UPCOMING EVENT: Walmart Bass Fishing League - 2016 - Lake Okeechobee

Breaking down the tule wall

A weedless topwater frog is one of Ish Monroe's favorite lures for fishing dead, matted tules and pockets along tule berms.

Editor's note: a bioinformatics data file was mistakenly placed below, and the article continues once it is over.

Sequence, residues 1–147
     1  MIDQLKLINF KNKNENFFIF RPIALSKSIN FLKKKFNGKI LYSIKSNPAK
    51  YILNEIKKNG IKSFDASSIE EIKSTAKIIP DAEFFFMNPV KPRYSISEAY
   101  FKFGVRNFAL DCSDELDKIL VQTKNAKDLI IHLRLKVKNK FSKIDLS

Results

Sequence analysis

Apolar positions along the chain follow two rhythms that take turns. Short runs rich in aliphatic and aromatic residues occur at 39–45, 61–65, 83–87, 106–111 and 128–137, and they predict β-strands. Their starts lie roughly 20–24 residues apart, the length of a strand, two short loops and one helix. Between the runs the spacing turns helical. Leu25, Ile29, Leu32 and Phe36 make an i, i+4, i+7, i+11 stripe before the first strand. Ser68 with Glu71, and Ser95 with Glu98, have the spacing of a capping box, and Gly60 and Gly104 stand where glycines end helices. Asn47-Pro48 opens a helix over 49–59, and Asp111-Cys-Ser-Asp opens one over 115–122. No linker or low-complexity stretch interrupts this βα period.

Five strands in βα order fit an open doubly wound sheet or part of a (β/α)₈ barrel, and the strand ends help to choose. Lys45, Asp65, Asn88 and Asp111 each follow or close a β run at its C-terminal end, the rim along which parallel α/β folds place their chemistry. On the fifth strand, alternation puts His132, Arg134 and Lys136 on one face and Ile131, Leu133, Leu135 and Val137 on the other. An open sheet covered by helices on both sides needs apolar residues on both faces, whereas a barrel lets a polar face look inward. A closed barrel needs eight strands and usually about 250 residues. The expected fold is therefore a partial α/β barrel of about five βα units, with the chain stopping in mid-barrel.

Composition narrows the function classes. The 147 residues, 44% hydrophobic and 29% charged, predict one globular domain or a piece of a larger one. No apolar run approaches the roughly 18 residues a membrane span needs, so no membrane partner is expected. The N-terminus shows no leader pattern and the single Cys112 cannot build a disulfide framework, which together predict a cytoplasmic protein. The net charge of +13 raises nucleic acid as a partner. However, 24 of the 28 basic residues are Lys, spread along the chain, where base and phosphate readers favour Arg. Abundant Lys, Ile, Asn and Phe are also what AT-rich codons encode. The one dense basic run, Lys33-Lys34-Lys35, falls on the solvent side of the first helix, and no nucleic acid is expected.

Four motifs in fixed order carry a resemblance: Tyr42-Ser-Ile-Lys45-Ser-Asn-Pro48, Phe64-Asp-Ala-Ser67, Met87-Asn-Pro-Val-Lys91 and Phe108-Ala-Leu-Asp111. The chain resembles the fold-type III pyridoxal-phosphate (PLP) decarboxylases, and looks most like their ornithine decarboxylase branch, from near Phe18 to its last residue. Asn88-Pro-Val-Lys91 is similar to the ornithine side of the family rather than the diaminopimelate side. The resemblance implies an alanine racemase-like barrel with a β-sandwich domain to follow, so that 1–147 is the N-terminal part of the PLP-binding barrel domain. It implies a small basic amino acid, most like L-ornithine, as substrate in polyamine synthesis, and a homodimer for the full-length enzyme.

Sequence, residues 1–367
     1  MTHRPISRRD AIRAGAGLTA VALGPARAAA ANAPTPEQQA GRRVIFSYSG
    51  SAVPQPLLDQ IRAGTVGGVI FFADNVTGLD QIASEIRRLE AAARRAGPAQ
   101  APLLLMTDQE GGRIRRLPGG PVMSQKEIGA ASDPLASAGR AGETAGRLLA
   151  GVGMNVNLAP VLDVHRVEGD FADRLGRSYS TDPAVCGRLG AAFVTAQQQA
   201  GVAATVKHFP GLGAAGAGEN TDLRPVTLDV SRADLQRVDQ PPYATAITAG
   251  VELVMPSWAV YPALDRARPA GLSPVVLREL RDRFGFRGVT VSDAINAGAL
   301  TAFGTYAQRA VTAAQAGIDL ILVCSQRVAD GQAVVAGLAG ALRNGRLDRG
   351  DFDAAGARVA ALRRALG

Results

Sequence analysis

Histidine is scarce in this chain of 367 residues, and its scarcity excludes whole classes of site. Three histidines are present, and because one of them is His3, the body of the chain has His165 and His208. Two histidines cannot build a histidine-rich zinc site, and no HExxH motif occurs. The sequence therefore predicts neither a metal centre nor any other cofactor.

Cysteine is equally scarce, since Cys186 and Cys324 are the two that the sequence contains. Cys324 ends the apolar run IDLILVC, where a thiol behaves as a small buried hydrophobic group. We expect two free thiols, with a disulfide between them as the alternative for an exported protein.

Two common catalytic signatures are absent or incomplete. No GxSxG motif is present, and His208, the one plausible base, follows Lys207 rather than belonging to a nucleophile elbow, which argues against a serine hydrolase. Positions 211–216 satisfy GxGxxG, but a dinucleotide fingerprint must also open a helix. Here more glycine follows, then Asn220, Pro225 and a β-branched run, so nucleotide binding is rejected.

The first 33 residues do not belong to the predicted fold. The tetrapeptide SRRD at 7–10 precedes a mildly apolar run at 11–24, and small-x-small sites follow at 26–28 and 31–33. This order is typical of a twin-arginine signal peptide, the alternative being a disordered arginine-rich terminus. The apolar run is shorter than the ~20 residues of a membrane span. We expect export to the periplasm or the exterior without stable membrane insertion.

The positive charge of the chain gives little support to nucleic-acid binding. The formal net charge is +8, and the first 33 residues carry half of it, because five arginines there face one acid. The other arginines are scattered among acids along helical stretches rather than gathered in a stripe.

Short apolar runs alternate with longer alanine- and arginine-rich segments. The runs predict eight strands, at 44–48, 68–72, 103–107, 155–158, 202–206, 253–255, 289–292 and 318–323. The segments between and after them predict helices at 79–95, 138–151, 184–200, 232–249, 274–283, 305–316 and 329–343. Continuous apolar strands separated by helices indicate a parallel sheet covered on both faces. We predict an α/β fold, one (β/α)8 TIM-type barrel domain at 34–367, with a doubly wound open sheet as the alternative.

They might appear as innumerable masses of swaying stalks, but the tules common to Western fisheries such as Clear Lake and the California Delta present multiple opportunities for bass anglers. Moreover, consistent success requires an awareness of multiple strategies and some knowledge of how to break through the tule wall and into the house of the bass that dwell within. Science of Tules Pronounced "too-lee," this durable plant with round green stems has wispy grass-like leaves bearing clusters of light brown flowers. It joins other sedges in the Cyperaceae family. Newgrowth tules might barely reach a bass boat console, while established populations can tower a dozen feet over the waterline. At any height, tules benefit the fishing scene by filtering water, buffering shorelines, harboring multiple forage species, and offering bass the shelter and feeding opportunities they actively seek. From Clear Lake's sprawling fields of swaying shoreline stalks to the Cal Delta's high "tule berms," the predictably random composition stands ever diverse. Tules sprouting from rocky shorelines or the Delta's abundant riprap levees grow in thick walls, while those rooted in mud along contoured shorelines typically present a more featured profile with lots of pockets, points and drains. The variety of forms taken on by tules requires an equally varied arsenal of tactics and lures. Several top West Coast pros offer their suggestions. Interior Space Tules can form solid edge or be sparcely formed. Space between must be deep enough to stay submerged at low tide. Sean Minderman, who won the 2011 EverStart Series Western Division event on the Cal Delta, spends much of his springtime hunting spawners in areas where thick submerged grass grows adjacent to tule berms. The key to this scenario is finding the grass growing a couple of feet off the tules, rather than directly alongside them. "There are tules on the bank, and then you have weeds," says Minderman, of Spokane, Wash. "You're looking for a space between the two. The males will move into those areas and make the nests, and then the females will move into those areas to feed or spawn." Delta tides demand consideration here. Fish need sufficient depth to inhabit these spots, but too much water makes them hard to see. In Clear Lake, where depth remains relatively constant, anglers find sparse tule fields a welcome spawning-season alternative to the narrow and easily crowded creeks and sloughs. Quietly nose into the outer stalks and look for distinct open spots where bass have sufficient nesting space with quick escape routes to deep water. It's the same scenario, but in slightly different areas. Weightless Yamamoto Senkos, drop-shots and Texas-rigged lizards usually meet with enthusiastic response. Dark Side of the Tule Try to target pockets and indentations on the shady side of tule islands and berms.When targeting tule islands, or any angled shoreline, pro Matt Newman of Agoura Hills, Calif., pays close attention to the orientation of tule pockets and the tules exposed to the sun. Gaps in the vegetation present prime bass lounges, but just like manmade real estate, it's all about location, location, location. He has found that the pockets and indentations darkened by shadows are the hottest locales. "You might look at a line of tules and think it's all the same, but there's always a spot that bass like," Newman says. "In the morning, you might find a consistent bite along one side of the tules, but in the afternoon those areas will slow down because the shadows have shifted. Fish the other side of tule islands and you'll often find that the fish have relocated to the new shadow pockets." Deep Drop Fish slide up into pockets in the tules at high tide and slide off into deep water at low tide.When fishing the deep sloughs and channels networking across the Cal Delta, Alameda, Calif., pro Zack Thompson knows that although his drop-shot might land in 6 inches of water when he casts it next to a tule clump, a plunge of 6 feet or more might be within a worm's length away. These deep banks are good target areas for a tule pattern. Bass will follow high tides right up to the tules and into any gaps within sparse vegetation. Outgoing water finds the fish sliding off the shallow ledges of tule growth and into the adjacent depths. Thompson uses the mud lines on tule stalks to gauge water level and likely fish location - up in the tules at high water and off into the depths at low water. Frog Fancy Western frog pro Ish Monroe might occasionally work his namesake Snag Proof Ish's Phat Frog roughly parallel to the tules, but he expects greater opportunities by casting or pitching his amphibian imposter into specific nooks and notches. These target zones are small, so Monroe maximizes his opportunity with a specific presentation. Snag Proof Ish"I call it walking the dog in place," he says. "You want to make a cast to the pocket and leave the frog in the pocket by working it for a longer period of time. Giving the fish time to find it is what triggers a lot of strikes." Pointing his rod tip at the frog creates slack in the line, so Monroe's rod movements don't advance the frog forward as it "walks." Short twitches create the same nose-up walking appearance as a traditional retrieve, but the frog remains on the fish's radar longer.